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Clinical effects of an essential oil solution used as a coolant during ultrasonic root debridement

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Abstract
Aim: The use of chlorhexidine and povidone iodine solutions applied as a coolant during ultrasonic root debridement for the treatment of chronic periodontitis has been described. Hitherto, this application has not yet been extensively investigated for essential oil solutions. The goal was to clinically explore this and to compare to water irrigation. Materials and methods: Thirty-five chronic periodontitis patients participated in a single-blind randomized controlled clinical study. Patients were randomly allocated to the control group (n = 18) or test group (n = 17) receiving oral hygiene instructions and ultrasonic root debridement using water as a coolant, respectively, a pure essential oil solution. Oral hygiene was reinforced 4 if necessary at each occasion, and clinical parameters were collected at baseline and after 1 and 3 months. Results: Significant pocket reduction (control, 1.02 mm; test, 0.89 mm) and clinical attachment gain (control and test, 0.48 mm) were shown in both groups. However, there were no significant differences between the groups at any point in time for any of the parameters. Conclusion: Essential oil solutions do not offer a clinical benefit over water when used as a coolant during ultrasonic root debridement for the treatment of chronic periodontitis.
Keywords
RANDOMIZED CONTROLLED-TRIAL, chronic periodontitis, LONG-TERM, CHLORHEXIDINE CHIP, NONSURGICAL PERIODONTAL THERAPY, ultrasonic, FULL-MOUTH DISINFECTION, dental scaling, essential oils, TOOTH LOSS, MICROBIOLOGICAL OBSERVATIONS, SUBGINGIVAL IRRIGATION, ADULT PERIODONTITIS, RESIDUAL POCKETS

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Citation

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MLA
Cosyn, Jan, Seyed Reza Miremadi, Mehran Moradi Sabzevar, et al. “Clinical Effects of an Essential Oil Solution Used as a Coolant During Ultrasonic Root Debridement.” INTERNATIONAL JOURNAL OF DENTAL HYGIENE 11.1 (2013): 62–68. Print.
APA
Cosyn, J., Miremadi, S. R., Moradi Sabzevar, M., & De Bruyn, H. (2013). Clinical effects of an essential oil solution used as a coolant during ultrasonic root debridement. INTERNATIONAL JOURNAL OF DENTAL HYGIENE, 11(1), 62–68.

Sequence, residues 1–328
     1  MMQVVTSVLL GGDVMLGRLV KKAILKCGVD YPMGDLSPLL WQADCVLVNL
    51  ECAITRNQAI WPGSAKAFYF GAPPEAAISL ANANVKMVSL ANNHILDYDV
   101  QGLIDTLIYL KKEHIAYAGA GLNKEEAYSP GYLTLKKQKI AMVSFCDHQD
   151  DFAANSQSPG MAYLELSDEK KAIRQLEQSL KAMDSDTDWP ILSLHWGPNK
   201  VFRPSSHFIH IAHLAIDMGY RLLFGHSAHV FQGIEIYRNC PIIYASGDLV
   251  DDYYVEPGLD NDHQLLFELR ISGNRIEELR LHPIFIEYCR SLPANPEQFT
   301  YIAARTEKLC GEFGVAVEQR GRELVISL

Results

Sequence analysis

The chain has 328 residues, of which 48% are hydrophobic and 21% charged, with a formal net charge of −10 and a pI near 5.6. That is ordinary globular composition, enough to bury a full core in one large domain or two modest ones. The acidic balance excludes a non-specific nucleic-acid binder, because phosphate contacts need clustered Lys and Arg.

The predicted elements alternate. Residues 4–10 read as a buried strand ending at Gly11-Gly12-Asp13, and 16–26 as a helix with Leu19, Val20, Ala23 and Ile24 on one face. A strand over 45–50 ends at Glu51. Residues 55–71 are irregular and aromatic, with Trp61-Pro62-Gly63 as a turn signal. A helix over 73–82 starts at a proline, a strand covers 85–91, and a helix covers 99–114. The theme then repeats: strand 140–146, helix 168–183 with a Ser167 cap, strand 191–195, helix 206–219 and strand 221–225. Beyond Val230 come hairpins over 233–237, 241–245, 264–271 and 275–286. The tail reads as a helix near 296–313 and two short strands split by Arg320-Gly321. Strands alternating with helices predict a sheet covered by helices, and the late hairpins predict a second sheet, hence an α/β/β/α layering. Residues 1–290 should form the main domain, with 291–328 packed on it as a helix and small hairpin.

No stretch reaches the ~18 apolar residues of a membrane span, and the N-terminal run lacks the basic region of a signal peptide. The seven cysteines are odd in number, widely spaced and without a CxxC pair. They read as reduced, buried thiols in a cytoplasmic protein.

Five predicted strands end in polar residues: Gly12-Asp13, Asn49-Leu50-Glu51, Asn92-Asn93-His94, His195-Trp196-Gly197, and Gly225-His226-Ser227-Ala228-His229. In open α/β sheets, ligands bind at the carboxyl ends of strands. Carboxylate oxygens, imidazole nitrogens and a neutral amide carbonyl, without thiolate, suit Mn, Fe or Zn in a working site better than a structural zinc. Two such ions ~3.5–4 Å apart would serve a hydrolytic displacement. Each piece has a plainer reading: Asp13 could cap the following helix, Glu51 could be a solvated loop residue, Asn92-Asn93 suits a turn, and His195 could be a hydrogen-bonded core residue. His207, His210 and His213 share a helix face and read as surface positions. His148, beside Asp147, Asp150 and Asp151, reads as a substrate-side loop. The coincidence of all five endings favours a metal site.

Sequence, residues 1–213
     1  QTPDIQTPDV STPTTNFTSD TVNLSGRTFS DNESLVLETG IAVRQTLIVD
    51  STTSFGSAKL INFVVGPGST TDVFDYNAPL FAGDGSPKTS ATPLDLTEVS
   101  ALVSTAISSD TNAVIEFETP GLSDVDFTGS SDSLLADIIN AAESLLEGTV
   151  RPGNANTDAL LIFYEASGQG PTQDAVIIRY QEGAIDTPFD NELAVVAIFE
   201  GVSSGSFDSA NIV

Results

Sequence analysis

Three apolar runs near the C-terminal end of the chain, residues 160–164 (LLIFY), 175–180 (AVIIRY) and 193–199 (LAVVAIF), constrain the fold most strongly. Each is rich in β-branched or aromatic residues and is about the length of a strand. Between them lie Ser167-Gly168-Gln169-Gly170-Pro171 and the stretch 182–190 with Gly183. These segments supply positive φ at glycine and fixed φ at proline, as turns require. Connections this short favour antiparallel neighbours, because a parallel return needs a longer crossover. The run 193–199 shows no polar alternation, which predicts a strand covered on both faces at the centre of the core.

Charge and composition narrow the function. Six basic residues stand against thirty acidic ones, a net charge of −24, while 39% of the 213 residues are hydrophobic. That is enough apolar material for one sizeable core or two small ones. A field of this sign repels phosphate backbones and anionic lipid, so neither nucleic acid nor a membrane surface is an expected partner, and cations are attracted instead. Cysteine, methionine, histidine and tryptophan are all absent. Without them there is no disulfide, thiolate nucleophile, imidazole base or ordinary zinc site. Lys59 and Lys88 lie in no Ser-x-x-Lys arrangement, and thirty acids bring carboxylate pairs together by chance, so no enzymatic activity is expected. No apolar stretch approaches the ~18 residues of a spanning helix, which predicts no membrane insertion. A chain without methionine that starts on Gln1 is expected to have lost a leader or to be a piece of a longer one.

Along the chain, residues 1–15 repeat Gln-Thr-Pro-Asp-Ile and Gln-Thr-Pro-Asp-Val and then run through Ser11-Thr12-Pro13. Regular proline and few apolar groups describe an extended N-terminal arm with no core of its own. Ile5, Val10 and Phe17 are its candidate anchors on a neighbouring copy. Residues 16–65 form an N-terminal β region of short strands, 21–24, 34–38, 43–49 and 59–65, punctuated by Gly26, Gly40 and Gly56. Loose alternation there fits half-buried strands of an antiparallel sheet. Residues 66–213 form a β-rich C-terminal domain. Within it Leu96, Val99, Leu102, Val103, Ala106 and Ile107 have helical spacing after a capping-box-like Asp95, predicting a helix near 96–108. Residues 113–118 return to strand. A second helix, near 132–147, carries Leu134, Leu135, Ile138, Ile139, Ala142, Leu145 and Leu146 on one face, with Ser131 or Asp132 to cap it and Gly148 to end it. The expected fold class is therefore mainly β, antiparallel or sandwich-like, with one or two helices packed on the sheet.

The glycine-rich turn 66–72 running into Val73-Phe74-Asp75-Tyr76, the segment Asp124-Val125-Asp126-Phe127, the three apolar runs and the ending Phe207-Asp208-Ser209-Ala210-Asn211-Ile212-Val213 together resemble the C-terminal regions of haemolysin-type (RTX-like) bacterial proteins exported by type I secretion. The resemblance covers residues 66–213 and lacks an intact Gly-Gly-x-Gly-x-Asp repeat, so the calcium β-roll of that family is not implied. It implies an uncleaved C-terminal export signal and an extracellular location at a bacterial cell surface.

Chicago author-date
Cosyn, Jan, Seyed Reza Miremadi, Mehran Moradi Sabzevar, and Hugo De Bruyn. 2013. “Clinical Effects of an Essential Oil Solution Used as a Coolant During Ultrasonic Root Debridement.” International Journal of Dental Hygiene 11 (1): 62–68.
Chicago author-date (all authors)
Cosyn, Jan, Seyed Reza Miremadi, Mehran Moradi Sabzevar, and Hugo De Bruyn. 2013. “Clinical Effects of an Essential Oil Solution Used as a Coolant During Ultrasonic Root Debridement.” International Journal of Dental Hygiene 11 (1): 62–68.
Vancouver
1.
Cosyn J, Miremadi SR, Moradi Sabzevar M, De Bruyn H. Clinical effects of an essential oil solution used as a coolant during ultrasonic root debridement. INTERNATIONAL JOURNAL OF DENTAL HYGIENE. 2013;11(1):62–8.
IEEE
[1]
J. Cosyn, S. R. Miremadi, M. Moradi Sabzevar, and H. De Bruyn, “Clinical effects of an essential oil solution used as a coolant during ultrasonic root debridement,” INTERNATIONAL JOURNAL OF DENTAL HYGIENE, vol. 11, no. 1, pp. 62–68, 2013.
@article{2076798,
  abstract     = {{Aim: The use of chlorhexidine and povidone iodine solutions applied as a coolant during ultrasonic root debridement for the treatment of chronic periodontitis has been described. Hitherto, this application has not yet been extensively investigated for essential oil solutions. The goal was to clinically explore this and to compare to water irrigation.
Materials and methods: Thirty-five chronic periodontitis patients participated in a single-blind randomized controlled clinical study. Patients were randomly allocated to the control group (n = 18) or test group (n = 17) receiving oral hygiene instructions and ultrasonic root debridement using water as a coolant, respectively, a pure essential oil solution. Oral hygiene was reinforced 4 if necessary at each occasion, and clinical parameters were collected at baseline and after 1 and 3 months.
Results: Significant pocket reduction (control, 1.02 mm; test, 0.89 mm) and clinical attachment gain (control and test, 0.48 mm) were shown in both groups. However, there were no significant differences between the groups at any point in time for any of the parameters.
Conclusion: Essential oil solutions do not offer a clinical benefit over water when used as a coolant during ultrasonic root debridement for the treatment of chronic periodontitis.}},
  author       = {{Cosyn, Jan and Miremadi, Seyed Reza and Moradi Sabzevar, Mehran and De Bruyn, Hugo}},
  issn         = {{1601-5029}},
  journal      = {{INTERNATIONAL JOURNAL OF DENTAL HYGIENE}},
  keywords     = {{RANDOMIZED CONTROLLED-TRIAL,chronic periodontitis,LONG-TERM,CHLORHEXIDINE CHIP,NONSURGICAL PERIODONTAL THERAPY,ultrasonic,FULL-MOUTH DISINFECTION,dental scaling,essential oils,TOOTH LOSS,MICROBIOLOGICAL OBSERVATIONS,SUBGINGIVAL IRRIGATION,ADULT PERIODONTITIS,RESIDUAL POCKETS}},
  language     = {{eng}},
  number       = {{1}},
  pages        = {{62--68}},
  title        = {{Clinical effects of an essential oil solution used as a coolant during ultrasonic root debridement}},
  url          = {{http://dx.doi.org/10.1111/j.1601-5037.2012.00554.x}},
  volume       = {{11}},
  year         = {{2013}},
}

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